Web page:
Junior Frederick Lee has a few tricks up his sleeve

January 31, 2011 — by Aashna Mukerji

Wandering down the crowded streets of Santana Row on a Saturday afternoon, you might spot junior Frederick Lee surrounded by a group of people.

Wandering down the crowded streets of Santana Row on a Saturday afternoon, you might spot junior Frederick Lee surrounded by a group of people.

As you make your way over, Lee takes out his cellphone and shows a picture of the nine of clubs. He then pulls out a deck of cards and says that by waving his phone over it, he can extract that particular card from the deck. A card pops out of the deck face down and the picture on the cellphone disappears simultaneously—it’s the nine of clubs. Placing his phone aside, Lee rubs the card on the table until it vanishes—only to reappear in the picture on his cellphone.

The ability to make things disappear was fascinating to Lee when he was 5. Around the age of 8, he moved on, accepting that the task seemed impossible. However, Lee rediscovered the art of magic in his freshman year when he purchased some trick card decks on a whim at the Dollar Store and only then decided to pursue his passion for magic.

After repeatedly performing a few specific tricks in ninth grade, Lee felt that he wanted to improve and master the skills required to reach an advanced level of magic.

“I moved on to more impromptu tricks and other categories,” Lee said. “I’m still expanding my knowledge in magic.”

In addition to buying new tricks over the phone, Lee sometimes creates his own magic tricks with materials that he already owns.

“I have invested in a wide range of materials [that] I often look back at, and occasionally, I invent a new tricks,” Lee said.

Card tricks demand great dexterity and can take anywhere from a few minutes to a few days to learn. Most magicians start out with simple card tricks and use those basic skills as a foundation for their more complicated routines. In order to prevent himself from getting rusty, Lee makes sure to revise his tricks whenever he feels the need to.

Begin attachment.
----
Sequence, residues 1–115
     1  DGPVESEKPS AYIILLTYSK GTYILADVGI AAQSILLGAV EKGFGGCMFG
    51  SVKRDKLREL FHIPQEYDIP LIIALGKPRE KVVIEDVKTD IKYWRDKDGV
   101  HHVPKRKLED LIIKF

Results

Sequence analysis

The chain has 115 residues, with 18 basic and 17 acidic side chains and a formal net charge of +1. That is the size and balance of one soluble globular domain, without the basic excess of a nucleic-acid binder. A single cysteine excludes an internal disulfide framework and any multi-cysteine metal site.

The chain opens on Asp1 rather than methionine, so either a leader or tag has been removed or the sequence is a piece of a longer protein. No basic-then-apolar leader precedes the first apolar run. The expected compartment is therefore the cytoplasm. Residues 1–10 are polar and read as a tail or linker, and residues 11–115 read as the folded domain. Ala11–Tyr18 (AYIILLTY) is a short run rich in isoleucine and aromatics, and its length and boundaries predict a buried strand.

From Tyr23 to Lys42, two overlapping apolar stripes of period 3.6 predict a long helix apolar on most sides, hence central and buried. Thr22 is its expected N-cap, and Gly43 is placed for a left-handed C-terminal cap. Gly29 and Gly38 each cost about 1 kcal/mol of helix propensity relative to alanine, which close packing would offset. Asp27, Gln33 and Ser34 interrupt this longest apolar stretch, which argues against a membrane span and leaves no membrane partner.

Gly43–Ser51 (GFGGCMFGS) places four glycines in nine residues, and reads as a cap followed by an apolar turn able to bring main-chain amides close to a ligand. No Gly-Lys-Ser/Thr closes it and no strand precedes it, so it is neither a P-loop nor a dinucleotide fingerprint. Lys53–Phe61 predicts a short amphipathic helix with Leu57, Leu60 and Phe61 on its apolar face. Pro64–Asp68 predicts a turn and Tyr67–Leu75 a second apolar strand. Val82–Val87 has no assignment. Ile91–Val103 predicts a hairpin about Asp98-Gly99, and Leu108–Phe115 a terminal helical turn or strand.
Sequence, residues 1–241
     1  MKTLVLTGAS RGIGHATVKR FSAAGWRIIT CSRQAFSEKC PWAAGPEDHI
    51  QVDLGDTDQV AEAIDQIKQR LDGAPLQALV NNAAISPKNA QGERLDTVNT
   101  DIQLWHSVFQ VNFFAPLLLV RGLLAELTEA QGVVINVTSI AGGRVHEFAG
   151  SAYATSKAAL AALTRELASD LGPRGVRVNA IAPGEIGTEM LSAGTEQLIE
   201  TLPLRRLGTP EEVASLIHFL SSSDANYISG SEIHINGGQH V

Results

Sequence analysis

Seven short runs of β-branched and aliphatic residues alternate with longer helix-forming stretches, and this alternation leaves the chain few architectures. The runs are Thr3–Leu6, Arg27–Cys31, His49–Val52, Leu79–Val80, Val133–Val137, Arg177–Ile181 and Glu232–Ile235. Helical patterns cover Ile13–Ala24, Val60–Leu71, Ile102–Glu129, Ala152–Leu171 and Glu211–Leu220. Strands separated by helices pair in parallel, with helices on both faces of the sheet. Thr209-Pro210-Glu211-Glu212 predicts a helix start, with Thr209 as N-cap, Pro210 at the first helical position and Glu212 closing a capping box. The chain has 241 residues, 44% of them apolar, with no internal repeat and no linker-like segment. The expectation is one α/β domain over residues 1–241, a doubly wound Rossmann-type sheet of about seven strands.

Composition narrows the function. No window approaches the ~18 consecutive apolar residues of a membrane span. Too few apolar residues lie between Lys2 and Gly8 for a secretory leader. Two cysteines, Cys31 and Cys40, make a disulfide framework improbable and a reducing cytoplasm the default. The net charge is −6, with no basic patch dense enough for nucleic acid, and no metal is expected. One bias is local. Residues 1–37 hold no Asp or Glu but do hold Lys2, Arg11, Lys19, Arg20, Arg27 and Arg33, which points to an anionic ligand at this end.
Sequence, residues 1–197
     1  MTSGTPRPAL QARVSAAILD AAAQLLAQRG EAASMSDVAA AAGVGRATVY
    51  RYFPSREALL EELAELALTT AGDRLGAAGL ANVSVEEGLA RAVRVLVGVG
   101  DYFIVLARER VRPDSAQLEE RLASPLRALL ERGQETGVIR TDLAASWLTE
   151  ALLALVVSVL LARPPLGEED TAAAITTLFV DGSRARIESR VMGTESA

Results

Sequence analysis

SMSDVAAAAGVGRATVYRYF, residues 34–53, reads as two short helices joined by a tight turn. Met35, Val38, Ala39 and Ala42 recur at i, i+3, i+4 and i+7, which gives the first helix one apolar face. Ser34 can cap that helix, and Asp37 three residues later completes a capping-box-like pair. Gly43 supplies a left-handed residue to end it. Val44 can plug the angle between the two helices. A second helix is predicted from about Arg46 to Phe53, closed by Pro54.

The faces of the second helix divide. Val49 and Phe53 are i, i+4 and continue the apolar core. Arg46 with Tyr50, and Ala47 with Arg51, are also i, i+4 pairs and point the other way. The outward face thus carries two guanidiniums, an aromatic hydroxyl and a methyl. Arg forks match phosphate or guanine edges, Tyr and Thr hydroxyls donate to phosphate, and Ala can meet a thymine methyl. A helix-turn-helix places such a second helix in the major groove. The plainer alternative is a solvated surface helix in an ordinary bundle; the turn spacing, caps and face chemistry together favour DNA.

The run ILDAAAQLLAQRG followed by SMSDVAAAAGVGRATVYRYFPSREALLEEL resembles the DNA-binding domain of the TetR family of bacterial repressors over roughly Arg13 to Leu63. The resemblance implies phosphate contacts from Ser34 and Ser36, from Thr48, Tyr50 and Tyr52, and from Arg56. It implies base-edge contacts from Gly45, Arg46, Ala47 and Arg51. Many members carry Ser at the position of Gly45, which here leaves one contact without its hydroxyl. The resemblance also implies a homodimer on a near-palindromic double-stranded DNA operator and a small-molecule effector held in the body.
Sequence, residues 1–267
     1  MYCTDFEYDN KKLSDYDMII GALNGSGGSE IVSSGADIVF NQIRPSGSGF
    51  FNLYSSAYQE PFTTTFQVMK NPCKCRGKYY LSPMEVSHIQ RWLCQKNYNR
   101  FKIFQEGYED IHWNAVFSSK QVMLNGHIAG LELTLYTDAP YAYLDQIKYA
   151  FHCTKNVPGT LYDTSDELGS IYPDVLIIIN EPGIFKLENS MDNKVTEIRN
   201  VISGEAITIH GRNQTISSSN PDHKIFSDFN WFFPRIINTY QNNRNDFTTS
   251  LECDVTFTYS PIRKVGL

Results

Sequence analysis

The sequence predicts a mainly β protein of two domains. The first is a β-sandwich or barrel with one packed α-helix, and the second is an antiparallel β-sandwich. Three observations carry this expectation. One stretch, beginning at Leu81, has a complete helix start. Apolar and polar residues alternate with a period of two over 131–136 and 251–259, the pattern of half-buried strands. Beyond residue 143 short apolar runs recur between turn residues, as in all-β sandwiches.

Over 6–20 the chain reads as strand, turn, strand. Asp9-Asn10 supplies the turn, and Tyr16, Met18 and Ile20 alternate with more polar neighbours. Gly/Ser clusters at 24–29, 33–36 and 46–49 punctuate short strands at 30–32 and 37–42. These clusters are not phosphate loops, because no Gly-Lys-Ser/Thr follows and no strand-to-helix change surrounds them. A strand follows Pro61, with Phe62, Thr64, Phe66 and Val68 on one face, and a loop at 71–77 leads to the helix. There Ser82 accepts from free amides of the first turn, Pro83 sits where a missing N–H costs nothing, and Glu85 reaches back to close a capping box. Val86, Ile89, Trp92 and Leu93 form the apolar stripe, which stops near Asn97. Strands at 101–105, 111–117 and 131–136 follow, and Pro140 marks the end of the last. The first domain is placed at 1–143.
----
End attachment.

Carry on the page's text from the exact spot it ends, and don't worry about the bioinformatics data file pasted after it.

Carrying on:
Lee has been performing magic for two years, usually on crowded streets in Santana Row on weekends from mid to late afternoon. He hopes to broaden his performance locations by including parties and restaurants. Lee plans to get business cards to spread his name.

To make his tricks more impressive, Lee usually performs them with items borrowed from the audience. He doesn’t perform his best tricks on a daily basis, choosing instead to save them for rare occasions.

“My most impressive tricks are ones that most people can’t explain,” Lee said. “To me, it doesn’t matter what the trick or illusion is, but how it is presented.”

Someday, Lee hopes to be as good as the professionals in the magic business. Since he first started practicing the art of magic, Lee most enjoys “the audience’s reactions, the connection that forms between the magician and the audience, and the hope of giving someone a gift they will never forget.”

Although he plans to pursue other interests in the future, Lee would still like to be a part-time magician.

“I could use magic in my [everyday] job to enhance a boring day,” Lee said. On the side, Lee hopes to “perform for a wide range of audience members, and of course, share the fun in experiencing magic itself.”